Saving Mr. Banks (2014)


Info SidebarTo see Saving Mr. Banks is to see Mary Poppins in a brand new light. It’s been, what, almost 50 years since Julie Andrews flew her enchanted umbrella into the night sky? And here, many years later, for the first time, we understand why that umbrella needed to bestow the power of flight.

It’s got something to do with Poppins’ creator’s father, but I shan’t get into that. I’ve grown weary of detailing plot points after the mess I made in my review of Inside Llewyn Davis. There’s no room for tardiness. Not that I was tardy before. But now I have to enforce, with every line I write, that no spoiler be mentioned in any way, shape or form. Reset the clock.

Saving Mr. Banks chronicles a very specific time in the making of Mary Poppins. At the movie’s start, we are introduced to Pamela Travers (Emma Thompson), whose numerous books on the Poppins character find their way to the Disney household, and it just so happens that Disney’s two girls absolutely adore the fiction. For 20 years he’s been trying to acquire the rights to turn the novels into a movie, and for 20 years Pamela has told him to shove his idea. What pushes Disney to keep trying is a promise he made to his children that he will, no matter what, get the movie made.

Emma Thompson is the perfect choice to play Pamela Travers. She imbues the woman with so many loathsome qualities that we feel like cutting off our own arm just so we’ll have something to throw at her. But she’s also very sympathetic, and it’s a fine line to tread, between what’s irritating and what’s loveable. She is a veteran of the emotion play. I recall her performance in Love Actually, where she played a wife desperate for her husband’s love and affection. It is not easy to play such a role, to come off as the bad person and really be struggling inside.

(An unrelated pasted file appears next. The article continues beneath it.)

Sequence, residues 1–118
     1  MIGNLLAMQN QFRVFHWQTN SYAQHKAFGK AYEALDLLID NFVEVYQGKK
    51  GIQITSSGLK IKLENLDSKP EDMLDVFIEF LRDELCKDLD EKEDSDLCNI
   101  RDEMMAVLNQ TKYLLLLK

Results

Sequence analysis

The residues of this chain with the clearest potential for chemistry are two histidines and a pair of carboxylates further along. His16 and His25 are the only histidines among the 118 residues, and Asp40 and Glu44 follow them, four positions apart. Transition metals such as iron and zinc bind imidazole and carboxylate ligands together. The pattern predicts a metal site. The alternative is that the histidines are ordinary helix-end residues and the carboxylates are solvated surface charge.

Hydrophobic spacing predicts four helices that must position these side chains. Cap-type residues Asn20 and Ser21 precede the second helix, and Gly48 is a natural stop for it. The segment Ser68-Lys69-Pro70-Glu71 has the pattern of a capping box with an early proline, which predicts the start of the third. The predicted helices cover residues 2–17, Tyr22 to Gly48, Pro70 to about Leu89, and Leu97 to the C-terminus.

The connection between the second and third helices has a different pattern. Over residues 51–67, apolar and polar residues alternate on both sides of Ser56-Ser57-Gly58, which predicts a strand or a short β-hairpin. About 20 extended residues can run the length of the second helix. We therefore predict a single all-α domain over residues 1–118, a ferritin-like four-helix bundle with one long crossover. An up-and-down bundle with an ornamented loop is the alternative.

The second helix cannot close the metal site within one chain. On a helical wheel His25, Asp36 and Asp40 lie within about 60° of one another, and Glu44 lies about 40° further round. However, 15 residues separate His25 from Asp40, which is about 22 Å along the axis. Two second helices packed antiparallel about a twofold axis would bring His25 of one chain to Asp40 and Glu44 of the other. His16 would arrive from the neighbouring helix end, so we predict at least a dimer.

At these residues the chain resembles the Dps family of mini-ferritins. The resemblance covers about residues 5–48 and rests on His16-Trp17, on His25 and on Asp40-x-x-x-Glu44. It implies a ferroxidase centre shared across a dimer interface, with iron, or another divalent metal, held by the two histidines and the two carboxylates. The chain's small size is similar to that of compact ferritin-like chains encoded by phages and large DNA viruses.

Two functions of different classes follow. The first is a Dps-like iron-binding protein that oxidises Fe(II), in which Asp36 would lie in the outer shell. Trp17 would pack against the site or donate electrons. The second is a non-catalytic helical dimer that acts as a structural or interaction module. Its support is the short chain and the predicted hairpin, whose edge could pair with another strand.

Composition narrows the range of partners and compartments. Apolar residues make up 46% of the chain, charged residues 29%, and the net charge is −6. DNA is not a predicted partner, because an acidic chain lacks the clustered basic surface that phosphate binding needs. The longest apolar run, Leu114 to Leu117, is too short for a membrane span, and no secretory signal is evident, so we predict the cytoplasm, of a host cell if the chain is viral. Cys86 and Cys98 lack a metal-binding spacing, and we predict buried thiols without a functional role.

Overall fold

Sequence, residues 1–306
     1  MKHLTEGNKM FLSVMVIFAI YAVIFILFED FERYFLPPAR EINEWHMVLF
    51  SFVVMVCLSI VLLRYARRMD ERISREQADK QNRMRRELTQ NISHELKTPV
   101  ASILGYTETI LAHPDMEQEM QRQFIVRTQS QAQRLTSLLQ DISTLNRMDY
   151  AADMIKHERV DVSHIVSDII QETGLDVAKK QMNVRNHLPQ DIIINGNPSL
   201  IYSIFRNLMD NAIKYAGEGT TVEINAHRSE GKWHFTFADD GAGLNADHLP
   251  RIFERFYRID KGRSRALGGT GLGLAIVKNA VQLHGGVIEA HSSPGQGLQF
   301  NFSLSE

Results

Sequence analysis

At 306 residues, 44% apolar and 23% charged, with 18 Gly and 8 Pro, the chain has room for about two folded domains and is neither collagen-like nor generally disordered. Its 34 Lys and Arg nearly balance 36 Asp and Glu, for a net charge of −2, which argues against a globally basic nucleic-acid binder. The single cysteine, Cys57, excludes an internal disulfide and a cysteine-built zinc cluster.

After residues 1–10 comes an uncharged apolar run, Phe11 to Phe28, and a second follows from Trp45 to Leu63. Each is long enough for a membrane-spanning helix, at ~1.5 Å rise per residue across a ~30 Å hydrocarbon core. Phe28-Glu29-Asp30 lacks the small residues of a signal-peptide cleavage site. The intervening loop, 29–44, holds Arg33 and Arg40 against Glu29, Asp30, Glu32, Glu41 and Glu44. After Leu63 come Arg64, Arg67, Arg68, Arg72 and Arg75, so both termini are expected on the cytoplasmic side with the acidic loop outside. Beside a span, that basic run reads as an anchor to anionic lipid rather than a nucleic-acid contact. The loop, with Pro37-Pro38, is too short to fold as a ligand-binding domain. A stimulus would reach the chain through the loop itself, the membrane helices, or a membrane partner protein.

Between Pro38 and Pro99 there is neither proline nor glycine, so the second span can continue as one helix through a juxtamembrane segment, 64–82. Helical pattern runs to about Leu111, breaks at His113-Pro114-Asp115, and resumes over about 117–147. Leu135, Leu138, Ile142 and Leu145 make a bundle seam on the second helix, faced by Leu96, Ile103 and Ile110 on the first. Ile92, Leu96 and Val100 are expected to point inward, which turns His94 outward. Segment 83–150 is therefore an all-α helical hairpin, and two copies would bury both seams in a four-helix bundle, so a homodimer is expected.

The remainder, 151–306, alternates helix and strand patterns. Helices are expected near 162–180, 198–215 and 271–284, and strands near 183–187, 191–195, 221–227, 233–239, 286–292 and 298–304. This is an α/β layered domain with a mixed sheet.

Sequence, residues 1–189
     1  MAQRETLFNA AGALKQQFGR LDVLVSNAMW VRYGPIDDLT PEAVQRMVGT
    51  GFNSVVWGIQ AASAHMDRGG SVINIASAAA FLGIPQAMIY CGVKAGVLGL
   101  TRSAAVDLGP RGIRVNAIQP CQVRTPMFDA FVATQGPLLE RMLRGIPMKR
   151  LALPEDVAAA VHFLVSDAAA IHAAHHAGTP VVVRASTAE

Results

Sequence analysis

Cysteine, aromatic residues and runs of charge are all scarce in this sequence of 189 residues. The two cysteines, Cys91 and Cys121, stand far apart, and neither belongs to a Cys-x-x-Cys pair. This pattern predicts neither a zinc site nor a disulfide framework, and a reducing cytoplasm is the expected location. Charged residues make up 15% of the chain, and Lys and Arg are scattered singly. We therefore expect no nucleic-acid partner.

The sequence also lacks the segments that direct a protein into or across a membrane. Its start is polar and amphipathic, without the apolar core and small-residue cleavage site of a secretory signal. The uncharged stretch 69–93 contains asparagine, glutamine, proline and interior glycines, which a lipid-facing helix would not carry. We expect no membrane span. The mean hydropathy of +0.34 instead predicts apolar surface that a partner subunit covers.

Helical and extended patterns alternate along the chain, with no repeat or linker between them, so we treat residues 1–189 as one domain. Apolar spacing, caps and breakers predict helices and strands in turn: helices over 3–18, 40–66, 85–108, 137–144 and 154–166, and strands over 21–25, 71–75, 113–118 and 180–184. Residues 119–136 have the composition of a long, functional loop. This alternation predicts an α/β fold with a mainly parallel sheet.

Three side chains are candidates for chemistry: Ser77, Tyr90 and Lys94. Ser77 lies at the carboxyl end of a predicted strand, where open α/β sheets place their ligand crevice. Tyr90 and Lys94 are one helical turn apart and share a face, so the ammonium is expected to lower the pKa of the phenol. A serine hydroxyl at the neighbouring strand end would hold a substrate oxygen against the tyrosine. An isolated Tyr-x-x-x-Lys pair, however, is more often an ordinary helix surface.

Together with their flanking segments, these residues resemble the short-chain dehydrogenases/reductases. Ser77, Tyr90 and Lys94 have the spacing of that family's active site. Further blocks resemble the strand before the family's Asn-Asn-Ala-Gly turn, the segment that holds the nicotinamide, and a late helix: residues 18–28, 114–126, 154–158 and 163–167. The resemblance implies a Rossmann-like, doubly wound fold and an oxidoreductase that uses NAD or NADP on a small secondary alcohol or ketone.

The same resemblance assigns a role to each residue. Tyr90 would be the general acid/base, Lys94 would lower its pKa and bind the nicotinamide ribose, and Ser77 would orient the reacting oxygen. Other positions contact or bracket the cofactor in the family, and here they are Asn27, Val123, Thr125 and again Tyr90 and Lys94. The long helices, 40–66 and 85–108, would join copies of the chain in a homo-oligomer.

In Saving Mr. Banks, Pamela struggles a lot. The entire film is about her struggles. She struggles with her past. She struggles with her father. She struggles with Disney. She struggles with the production crew. She even struggles with a Mickey Mouse toy. And Thompson hits the right notes with her emotions. She comes off not as a bad person, but as a fragile lady trying desperately to protect childhood secrets that’ve been haunting her for decades. Again, what these secrets are I shall not reveal, or rather I feel like I shouldn’t reveal. I shall leave them up to you, good readers, to discover.

But Thompson isn’t the only beam of light in this movie. Yes, the story is hers to tell, but all around her her supporting cast mates deliver equally stunning performances. Tom Hanks is a showman. He absorbs the levity from the people around him and converts it into infectious joy. As Walt Disney, he is a charming man. At times short-tongued, but always charming. He deals with Pamela’s absurdity with about as much tolerance as humanly possibly, and even though he has a promise to upkeep, we figure there must be more pressing him to befriend such an unbefriendable woman.

The movie is directed by John Lee Hancock, whose small filmography has gone unchecked by me over the years. Here, he displays strong confidence with two megatrons of film. The story never gets out of hand, nor does it ever fall too deep into the pit of sentimentality. The sappy bits are there to let us know that they are meant to be sappy. Nothing more. These bits usually arrive in flashback, as Pamela recalls her childhood. There are extended scenes involving her young self and her father, played by a discernible Colin Farrell. Yes, sometimes they take away from the immediacy of 1961’s present, but they are never too distracting. The story told in Saving Mr. Banks is the story every kid and adult has grown to love in Mary Poppins.

 

Best Moment | A shot at the end of a woman crying. I won’t say who, where, or why. All I can say is that it perfectly sums up the movie.

Worst Moment | Nope.


'Saving Mr. Banks (2014)' has no comments

Be the first to comment this post!

Would you like to share your thoughts?

Your email address will not be published.

Copyright © 2016 The Critical Reel